|Publication number||US4165910 A|
|Application number||US 05/844,554|
|Publication date||Aug 28, 1979|
|Filing date||Oct 25, 1977|
|Priority date||Oct 25, 1977|
|Publication number||05844554, 844554, US 4165910 A, US 4165910A, US-A-4165910, US4165910 A, US4165910A|
|Inventors||Norman R. Anderson|
|Original Assignee||Bunker Ramo Corporation|
|Export Citation||BiBTeX, EndNote, RefMan|
|Patent Citations (4), Referenced by (41), Classifications (4), Legal Events (6)|
|External Links: USPTO, USPTO Assignment, Espacenet|
The present invention is directed generally to electrical connectors and, more particularly, to connectors employing a bayonet type coupling mechanism and having means to prevent inadvertent uncoupling of the connectors.
One form of conventional electrical connector used today includes a plug and receptacle each of which contains an insulative material carrying a plurality of engageable contacts therein, whereby when the plug and receptacle are fully mated the contacts are engaged to complete an electrical circuit therebetween. A bayonet type connector coupling mechanism is frequently employed to positively retain the plug and receptacle of the connector in the fully mated position.
The bayonet coupling mechanism generally includes bayonet pins projecting radially outwardly from the shell of one of the sections of the connector, frequently the receptacle, which is fixedly connected to a wall, panel or other stationary support. A coupling ring is carried by the other section of the connector, i.e., the plug, and has a corresponding plurality of bayonet tracks therein. The coupling ring has entrance portions at the forward or mating end thereof from which the tracks extend rearwardly, frequently terminating in detent recesses that extend back toward the forward end of the coupling ring. The bayonet pins enters these tracks as the connector is mated and move to the rearward ends of the tracks as the coupling ring is rotated. The coupling mechanism also includes a spring mounted between the coupling ring and the plug which acts to hold the bayonet pins against the detent recesses at the ends of the tracks to retain the coupling ring, plug and receptacle in the fully mated orientation. In addition to providing the positive locking action, the interaction of the bayonet pins and detent recesses provide a positive snapping sound whereby the individual assembling the connector will have both a tactile and an audible confirmation of the electrical connection.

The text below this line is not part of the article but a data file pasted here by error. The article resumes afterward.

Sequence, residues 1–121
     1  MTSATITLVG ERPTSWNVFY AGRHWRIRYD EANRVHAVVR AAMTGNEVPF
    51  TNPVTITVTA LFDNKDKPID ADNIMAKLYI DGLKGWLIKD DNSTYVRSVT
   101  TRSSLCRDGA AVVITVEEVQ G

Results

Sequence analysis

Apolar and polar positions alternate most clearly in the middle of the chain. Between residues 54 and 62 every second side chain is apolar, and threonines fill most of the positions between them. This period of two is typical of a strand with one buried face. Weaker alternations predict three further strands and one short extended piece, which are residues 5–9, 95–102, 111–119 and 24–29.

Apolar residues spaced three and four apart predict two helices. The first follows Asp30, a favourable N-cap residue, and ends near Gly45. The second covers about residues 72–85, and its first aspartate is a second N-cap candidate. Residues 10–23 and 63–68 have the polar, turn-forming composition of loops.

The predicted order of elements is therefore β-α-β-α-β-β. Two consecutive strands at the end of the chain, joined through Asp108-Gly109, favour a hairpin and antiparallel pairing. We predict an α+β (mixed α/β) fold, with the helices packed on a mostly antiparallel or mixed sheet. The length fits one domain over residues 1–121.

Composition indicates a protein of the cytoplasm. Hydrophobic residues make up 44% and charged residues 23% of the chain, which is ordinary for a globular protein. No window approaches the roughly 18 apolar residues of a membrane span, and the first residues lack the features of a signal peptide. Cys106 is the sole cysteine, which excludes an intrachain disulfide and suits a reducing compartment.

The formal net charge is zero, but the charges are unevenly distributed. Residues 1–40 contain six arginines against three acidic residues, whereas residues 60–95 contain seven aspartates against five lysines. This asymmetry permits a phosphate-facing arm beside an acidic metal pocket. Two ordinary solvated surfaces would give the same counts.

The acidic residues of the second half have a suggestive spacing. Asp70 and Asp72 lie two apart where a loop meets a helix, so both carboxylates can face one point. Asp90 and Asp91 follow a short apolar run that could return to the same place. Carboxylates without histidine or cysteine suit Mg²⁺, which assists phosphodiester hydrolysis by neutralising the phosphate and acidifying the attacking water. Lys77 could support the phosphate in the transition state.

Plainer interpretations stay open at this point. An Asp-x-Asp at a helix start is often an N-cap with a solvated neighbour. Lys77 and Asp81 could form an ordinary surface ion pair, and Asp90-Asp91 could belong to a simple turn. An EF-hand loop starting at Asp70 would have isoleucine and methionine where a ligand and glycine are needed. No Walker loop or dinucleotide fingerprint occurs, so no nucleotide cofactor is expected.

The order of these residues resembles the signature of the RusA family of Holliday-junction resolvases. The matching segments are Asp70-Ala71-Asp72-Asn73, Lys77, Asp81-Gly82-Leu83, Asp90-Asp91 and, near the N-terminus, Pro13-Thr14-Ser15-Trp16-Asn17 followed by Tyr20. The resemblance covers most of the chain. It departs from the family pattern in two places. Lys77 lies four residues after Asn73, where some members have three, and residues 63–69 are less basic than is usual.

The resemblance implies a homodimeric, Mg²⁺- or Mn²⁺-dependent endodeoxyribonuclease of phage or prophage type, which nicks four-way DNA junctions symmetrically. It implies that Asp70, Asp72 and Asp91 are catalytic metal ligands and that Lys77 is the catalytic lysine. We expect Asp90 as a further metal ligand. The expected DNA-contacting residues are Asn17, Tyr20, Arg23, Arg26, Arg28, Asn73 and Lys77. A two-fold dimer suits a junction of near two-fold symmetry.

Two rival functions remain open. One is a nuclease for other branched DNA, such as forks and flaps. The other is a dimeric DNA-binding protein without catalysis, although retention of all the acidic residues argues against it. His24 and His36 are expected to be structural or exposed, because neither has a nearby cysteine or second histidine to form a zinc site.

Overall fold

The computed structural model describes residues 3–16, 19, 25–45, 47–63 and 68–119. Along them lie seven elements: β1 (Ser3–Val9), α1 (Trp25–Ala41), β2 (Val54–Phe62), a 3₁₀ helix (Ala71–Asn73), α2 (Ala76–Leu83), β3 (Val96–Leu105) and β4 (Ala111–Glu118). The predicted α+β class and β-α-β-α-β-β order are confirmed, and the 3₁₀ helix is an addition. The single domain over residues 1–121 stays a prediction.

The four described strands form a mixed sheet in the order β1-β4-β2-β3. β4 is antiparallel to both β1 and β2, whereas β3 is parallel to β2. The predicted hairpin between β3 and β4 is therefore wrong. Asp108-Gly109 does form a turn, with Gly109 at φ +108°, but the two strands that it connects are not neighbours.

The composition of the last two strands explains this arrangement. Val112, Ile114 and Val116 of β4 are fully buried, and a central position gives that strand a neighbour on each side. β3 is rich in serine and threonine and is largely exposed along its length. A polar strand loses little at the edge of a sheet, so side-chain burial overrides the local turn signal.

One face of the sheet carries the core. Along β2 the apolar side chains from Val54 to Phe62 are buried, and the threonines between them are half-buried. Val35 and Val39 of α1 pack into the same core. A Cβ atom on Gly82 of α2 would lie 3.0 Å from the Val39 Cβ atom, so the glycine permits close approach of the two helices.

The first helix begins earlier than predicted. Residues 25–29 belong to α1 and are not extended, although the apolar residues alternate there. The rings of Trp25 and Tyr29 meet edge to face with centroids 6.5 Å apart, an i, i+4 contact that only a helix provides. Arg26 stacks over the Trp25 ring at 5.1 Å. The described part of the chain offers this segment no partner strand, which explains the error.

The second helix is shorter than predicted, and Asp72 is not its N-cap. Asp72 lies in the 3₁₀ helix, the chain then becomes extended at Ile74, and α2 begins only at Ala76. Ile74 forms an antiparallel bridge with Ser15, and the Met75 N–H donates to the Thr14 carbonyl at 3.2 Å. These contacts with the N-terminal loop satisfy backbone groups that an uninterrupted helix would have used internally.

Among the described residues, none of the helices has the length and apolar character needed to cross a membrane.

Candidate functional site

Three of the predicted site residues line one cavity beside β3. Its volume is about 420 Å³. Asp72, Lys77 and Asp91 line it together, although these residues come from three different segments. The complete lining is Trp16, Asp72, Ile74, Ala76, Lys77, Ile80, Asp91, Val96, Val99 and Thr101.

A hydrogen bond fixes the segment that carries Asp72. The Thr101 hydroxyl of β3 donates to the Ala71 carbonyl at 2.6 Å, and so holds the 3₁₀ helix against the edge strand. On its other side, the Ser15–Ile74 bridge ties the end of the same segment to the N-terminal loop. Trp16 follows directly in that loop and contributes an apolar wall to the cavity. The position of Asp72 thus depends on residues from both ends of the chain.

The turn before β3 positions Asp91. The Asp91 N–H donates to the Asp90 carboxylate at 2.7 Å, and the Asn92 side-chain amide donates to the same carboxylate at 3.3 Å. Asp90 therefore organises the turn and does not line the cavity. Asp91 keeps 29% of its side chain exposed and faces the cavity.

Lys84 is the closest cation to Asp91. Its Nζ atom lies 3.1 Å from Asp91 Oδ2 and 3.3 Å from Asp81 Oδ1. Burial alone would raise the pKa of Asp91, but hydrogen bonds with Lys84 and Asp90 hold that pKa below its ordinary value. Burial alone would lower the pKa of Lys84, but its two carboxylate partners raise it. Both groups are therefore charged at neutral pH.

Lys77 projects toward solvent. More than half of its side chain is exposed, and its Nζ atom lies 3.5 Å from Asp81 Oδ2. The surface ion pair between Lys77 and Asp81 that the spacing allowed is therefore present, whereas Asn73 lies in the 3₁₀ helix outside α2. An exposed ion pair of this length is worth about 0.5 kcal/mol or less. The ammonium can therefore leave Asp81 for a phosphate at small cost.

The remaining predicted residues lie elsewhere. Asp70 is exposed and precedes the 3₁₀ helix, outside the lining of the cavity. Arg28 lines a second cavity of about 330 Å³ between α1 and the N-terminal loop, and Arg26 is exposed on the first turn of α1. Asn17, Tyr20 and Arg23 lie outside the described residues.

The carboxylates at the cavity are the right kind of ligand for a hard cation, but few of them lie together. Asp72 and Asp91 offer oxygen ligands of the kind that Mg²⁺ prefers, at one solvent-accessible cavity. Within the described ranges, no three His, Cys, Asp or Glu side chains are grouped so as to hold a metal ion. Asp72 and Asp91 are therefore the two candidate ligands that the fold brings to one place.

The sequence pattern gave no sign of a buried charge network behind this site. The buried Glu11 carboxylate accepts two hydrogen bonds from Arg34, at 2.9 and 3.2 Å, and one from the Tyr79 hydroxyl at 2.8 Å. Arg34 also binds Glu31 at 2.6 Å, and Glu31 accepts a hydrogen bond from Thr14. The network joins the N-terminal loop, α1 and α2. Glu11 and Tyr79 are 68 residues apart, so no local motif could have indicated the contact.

While such an arrangement is generally acceptable, it has been found that under extreme vibration, or after repeated connections and disconnections, the failure rate of the coupling mechanism tends to rise. The vibratory forces cause the pins to disengage from the detent recesses, whereupon the parts might separate due to the spring force, or, alternatively, frequent coupling causes the pins to wear away the detent recesses, particularly under the coupling forces applied by the biasing spring. As the detent recesses wear away, vibration tends to become a more serious problem and tension loads may alone result in the unmating of the connector members.
Accordingly, the present invention is directed to an improved electrical connector which overcomes the particular difficulties and disadvantages associated with prior art connectors outlined above and which is particularly useful in conjunction with bayonet type coupling mechanisms.
More particularly, an important feature of the present invention is the provision of a secure bayonet connection in conjunction with an electrical connector which does not depend upon the interaction of the bayonet pins and tracks to prevent the inadvertent rotation and possible accidental disassembly of the connector members.